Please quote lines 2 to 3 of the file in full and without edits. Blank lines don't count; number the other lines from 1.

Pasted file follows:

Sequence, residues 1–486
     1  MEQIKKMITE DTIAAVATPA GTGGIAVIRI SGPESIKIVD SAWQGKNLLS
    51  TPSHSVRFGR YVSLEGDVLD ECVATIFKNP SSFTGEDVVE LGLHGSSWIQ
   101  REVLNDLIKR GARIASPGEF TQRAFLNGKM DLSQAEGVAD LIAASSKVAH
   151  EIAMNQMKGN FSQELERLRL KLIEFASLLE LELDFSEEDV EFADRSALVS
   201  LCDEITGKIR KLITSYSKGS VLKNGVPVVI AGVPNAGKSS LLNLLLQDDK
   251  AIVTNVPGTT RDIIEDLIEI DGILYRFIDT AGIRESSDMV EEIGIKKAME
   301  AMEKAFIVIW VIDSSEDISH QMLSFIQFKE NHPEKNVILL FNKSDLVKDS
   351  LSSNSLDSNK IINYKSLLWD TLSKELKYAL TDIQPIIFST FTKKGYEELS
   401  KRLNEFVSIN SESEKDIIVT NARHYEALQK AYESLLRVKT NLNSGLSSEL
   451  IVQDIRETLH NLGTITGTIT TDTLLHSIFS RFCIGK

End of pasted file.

     1  MEQIKKMITE DTIAAVATPA GTGGIAVIRI SGPESIKIVD SAWQGKNLLS
    51  TPSHSVRFGR YVSLEGDVLD ECVATIFKNP SSFTGEDVVE LGLHGSSWIQ